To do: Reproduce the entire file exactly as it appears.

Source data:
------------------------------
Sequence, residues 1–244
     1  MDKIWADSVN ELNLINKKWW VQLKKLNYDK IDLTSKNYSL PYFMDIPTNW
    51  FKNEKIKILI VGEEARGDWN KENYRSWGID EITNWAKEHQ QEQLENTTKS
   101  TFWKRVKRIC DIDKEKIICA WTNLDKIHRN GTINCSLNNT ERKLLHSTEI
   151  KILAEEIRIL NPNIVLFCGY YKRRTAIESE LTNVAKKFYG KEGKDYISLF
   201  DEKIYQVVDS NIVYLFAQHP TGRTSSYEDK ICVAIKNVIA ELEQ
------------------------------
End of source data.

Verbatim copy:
Sequence, residues 1–244
     1  MDKIWADSVN ELNLINKKWW VQLKKLNYDK IDLTSKNYSL PYFMDIPTNW
    51  FKNEKIKILI VGEEARGDWN KENYRSWGID EITNWAKEHQ QEQLENTTKS
   101  TFWKRVKRIC DIDKEKIICA WTNLDKIHRN GTINCSLNNT ERKLLHSTEI
   151  KILAEEIRIL NPNIVLFCGY YKRRTAIESE LTNVAKKFYG KEGKDYISLF
   201  DEKIYQVVDS NIVYLFAQHP TGRTSSYEDK ICVAIKNVIA ELEQ